“There are children from all different age-groups. Some working parents bring their toddlers here so that I look after them during work. Some are the right age for pre-school and some are ready for Grade Zero. I find it difficult to turn away children particularly when I realise that this institution is the only option for the parents,” Febie reminisces.

The increasing number of children has however resulted in the institution facing some challenges. Food, toys, equipment and furniture is no longer adequate to support every child and the need for clothing continues to rise.

As we continue with our interview, there is a stream of children coming into the classroom to attend lessons. Classes start at half past eight in the morning to allow guardians to make preparations for their day-to-day activities.

Febie starts her day early in the morning with devotions. She then prepares her family for their daily activities. After her family leaves she goes to her garage and cottage which she turned into one big classroom for the children.

Febie was born in 1970 and she is the third born in her family. She grew up with the responsibility of looking after her young siblings. This engraved in her the principle of responsibility. She is married to Clever Chuma and the two are blessed with three children, Peace (15), Gift (9) and Nyasha (4).

Febie is a woman of many occupations. She is a committed Christian and a Pastor with the House of Prayer International. Her Christian journey can be traced back to her upbringing.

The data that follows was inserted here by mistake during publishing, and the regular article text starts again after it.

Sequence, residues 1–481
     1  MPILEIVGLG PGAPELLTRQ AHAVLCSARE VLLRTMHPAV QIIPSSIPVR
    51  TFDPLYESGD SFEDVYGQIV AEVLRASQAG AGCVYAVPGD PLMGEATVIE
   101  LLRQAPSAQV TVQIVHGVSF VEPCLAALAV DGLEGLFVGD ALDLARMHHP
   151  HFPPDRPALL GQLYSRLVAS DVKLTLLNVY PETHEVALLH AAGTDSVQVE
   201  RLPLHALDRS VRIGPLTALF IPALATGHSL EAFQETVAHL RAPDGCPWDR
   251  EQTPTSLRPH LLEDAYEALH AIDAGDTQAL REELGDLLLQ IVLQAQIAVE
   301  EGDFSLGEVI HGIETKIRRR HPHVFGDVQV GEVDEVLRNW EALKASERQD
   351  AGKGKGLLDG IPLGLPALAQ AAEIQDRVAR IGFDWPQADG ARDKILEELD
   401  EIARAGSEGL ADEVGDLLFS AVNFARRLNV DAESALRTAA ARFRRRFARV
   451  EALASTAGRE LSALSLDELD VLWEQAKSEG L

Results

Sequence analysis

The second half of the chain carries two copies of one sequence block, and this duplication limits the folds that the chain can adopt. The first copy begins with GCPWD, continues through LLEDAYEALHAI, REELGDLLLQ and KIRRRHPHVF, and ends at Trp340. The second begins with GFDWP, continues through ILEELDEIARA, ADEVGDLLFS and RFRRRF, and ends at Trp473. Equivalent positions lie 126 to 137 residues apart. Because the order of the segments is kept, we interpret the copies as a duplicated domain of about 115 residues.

Her Christian life was inspired by Reverend Chomutiri from the Reformed Church. Her most inspiring verse in the Bible is Job 1 verse 1 which says, “In the land of Uz there lived a man whose name was Job. This man was blameless and upright; he feared God and shunned evil.”

She believes that everyone knows evil things, but many fail to shun them. She encourages Christians to be like Job who persevered against the onslaught of the devil until God raised him up and opened the blessings to him.

Commenting on the current situation in the church, Febie says that she is happy with its spiritual growth. She has witnessed an increase in the number of people who are turning to God as their personal saviour. However she is concerned with the impact of HIV and AIDS on the church and the community as a whole.

AIDS has devastated our communities and worsened the plight of people who are already suffering from the economic hardships currently gripping the country.

“I have raised all my children according to Christian principles. My first born, Peace, a girl now attending secondary school always says to me that I bring my classroom mentality into the house, but that is who I am. Without discipline there is chaos and that is not good in the family,” she adds.

This article is part of a writing assignment for Voices of Our Future, which is providing rigorous web 2.0 and new media training for 31 emerging women leaders. We are speaking out for social change from some of the most forgotten corners of the world. Meet Us.


Nusrat Ara's picture

A wonderful job indeed.

A wonderful job indeed.